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Review |

Diagnosis and Treatment of Clostridium difficile in Adults A Systematic Review

Natasha Bagdasarian, MD, MPH1,2; Krishna Rao, MD3,4; Preeti N. Malani, MD, MSJ3,4
[+] Author Affiliations
1Division of Infectious Disease, Department of Infection Control, St John Hospital and Medical Center, Detroit, Michigan
2Department of Internal Medicine, Wayne State University, Detroit, Michigan
3Division of Infectious Diseases, Department of Internal Medicine, University of Michigan Medical School, University of Michigan Health System, Ann Arbor
4Veterans Affairs Ann Arbor Healthcare System, Ann Arbor, Michigan
JAMA. 2015;313(4):398-408. doi:10.1001/jama.2014.17103.
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Published online

Importance  Since 2000, the incidence and severity of Clostridium difficile infection (CDI) have increased.

Objective  To review current evidence regarding best practices for the diagnosis and treatment of CDI in adults (age ≥18 years).

Evidence Review  Ovid MEDLINE and Cochrane databases were searched using keywords relevant to the diagnosis and treatment of CDI in adults. Articles published between January 1978 and October 31, 2014, were selected for inclusion based on targeted keyword searches, manual review of bibliographies, and whether the article was a guideline, systematic review, or meta-analysis published within the past 10 years. Of 4682 articles initially identified, 196 were selected for full review. Of these, the most pertinent 116 articles were included. Clinical trials, large observational studies, and more recently published articles were prioritized in the selection process.

Findings  Laboratory testing cannot distinguish between asymptomatic colonization and symptomatic infection with C difficile. Diagnostic approaches are complex due to the availability of multiple testing strategies. Multistep algorithms using polymerase chain reaction (PCR) for the toxin gene(s) or single-step PCR on liquid stool samples have the best test performance characteristics (for multistep: sensitivity was 0.68-1.00 and specificity was 0.92-1.00; and for single step: sensitivity was 0.86-0.92 and specificity was 0.94-0.97). Vancomycin and metronidazole are first-line therapies for most patients, although treatment failures have been associated with metronidazole in severe or complicated cases ofCDI. Recent data demonstrate clinical success rates of 66.3% for metronidazole vs 78.5% for vancomycin for severe CDI. Newer therapies show promising results, including fidaxomicin (similar clinical cure rates to vancomycin, with lower recurrence rates for fidaxomicin, 15.4% vs vancomycin, 25.3%; P = .005) and fecal microbiota transplantation (response rates of 83%-94% for recurrent CDI).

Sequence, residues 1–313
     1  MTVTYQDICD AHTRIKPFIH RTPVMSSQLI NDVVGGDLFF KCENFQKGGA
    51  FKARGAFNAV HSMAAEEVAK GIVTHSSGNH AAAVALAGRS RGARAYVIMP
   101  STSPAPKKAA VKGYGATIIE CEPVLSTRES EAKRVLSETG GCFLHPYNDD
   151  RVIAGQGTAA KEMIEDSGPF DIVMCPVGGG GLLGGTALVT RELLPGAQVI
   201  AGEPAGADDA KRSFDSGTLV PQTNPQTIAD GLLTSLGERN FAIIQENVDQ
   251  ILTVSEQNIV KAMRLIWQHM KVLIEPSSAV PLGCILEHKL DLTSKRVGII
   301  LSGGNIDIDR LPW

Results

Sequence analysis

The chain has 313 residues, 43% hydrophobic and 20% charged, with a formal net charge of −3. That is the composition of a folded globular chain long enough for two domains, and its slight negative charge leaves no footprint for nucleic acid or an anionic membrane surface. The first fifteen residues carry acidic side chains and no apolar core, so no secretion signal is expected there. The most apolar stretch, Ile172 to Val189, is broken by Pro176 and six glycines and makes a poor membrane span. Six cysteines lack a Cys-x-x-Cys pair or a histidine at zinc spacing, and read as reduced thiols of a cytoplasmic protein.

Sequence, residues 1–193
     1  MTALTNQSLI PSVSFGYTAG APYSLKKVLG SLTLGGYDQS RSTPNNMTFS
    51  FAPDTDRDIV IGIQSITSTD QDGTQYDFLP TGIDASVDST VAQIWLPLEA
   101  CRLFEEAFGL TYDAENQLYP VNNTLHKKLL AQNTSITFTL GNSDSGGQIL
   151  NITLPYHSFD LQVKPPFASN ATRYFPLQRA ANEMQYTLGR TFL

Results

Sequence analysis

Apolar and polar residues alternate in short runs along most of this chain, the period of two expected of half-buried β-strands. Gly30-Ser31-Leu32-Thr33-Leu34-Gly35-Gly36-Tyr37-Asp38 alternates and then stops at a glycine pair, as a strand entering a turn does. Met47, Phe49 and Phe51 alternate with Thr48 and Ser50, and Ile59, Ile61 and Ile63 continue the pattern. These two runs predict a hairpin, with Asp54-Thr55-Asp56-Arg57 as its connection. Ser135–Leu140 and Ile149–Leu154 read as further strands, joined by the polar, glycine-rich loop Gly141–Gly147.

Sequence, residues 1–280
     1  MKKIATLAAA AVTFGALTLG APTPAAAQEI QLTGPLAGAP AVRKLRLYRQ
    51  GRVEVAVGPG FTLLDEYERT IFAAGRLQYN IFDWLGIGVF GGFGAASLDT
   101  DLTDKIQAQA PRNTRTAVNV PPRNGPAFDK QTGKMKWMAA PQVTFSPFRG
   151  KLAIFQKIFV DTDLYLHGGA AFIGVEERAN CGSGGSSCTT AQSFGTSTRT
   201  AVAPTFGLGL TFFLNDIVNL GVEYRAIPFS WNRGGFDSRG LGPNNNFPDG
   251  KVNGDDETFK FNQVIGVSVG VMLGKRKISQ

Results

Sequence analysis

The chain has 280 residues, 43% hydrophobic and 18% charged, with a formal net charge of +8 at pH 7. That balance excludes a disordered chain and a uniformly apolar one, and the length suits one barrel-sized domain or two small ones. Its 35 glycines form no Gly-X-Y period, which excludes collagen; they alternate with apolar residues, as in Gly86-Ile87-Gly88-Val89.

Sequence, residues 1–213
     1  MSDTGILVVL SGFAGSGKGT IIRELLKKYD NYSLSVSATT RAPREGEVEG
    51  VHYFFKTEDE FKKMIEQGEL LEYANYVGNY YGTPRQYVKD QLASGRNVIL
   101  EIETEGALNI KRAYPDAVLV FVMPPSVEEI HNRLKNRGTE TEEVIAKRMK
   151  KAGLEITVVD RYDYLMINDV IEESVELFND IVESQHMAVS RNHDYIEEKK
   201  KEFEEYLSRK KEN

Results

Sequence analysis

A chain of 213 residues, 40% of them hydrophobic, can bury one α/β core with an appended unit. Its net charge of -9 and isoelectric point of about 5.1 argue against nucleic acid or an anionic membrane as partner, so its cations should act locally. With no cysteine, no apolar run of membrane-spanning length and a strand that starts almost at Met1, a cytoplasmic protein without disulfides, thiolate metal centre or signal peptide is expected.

Conclusions and Relevance  Diagnostic testing for CDI should be performed only in symptomatic patients. Treatment strategies should be based on disease severity, history of prior CDI, and the individual patient’s risk of recurrence. Vancomycin is the treatment of choice for severe or complicated CDI, with or without adjunctive therapies. Metronidazole is appropriate for mild disease. Fidaxomicin is a therapeutic option for patients with recurrent CDI or a high risk of recurrence. Fecal microbiota transplantation is associated with symptom resolution of recurrent CDI but its role in primary and severe CDI is not established.

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Figure 1.
Steps in the Pathogenesis of Clostridium difficile Infection and Possible Treatment Outcomes
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Figure 2.
Sample Multistep Algorithm for Rapid Diagnosis of Clostridium difficile Infection

Abbreviations: EIA, enzyme immunoassay; GDH, glutamate dehydrogenase; PCR, polymerase chain reaction.

aToxin-positive (+) indicates presence of either Toxin A or Toxin B when a combined test is performed, as in this example. Toxin-negative (−) indicates that neither Toxin A nor B is present. Adapted under Creative Commons License.116

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Figure 3.
Possible Approach for the Treatment of Clostridium difficile Infection

aSuggested approach for Clostridium difficile (CDI) treatment according to disease severity based on current guidelines, recent reviews and meta-analyses of fecal microbiota transplantation, and randomized controlled trials of fidaxomicin. This approach is not validated. There are no data supporting the use of fidaxomicin for complicated CDI.

bTreatment response is defined by clinical improvement in diarrhea or other signs of infection. Response may require 3 to 5 days after starting therapy, but therapy escalation can be considered sooner based on disease severity.

cIndicates that costs are substantially higher.

dDuration of therapy depends on treatment response.

eConsider postinfectious irritable bowel syndrome rather than recurrent CDI for mild symptoms.


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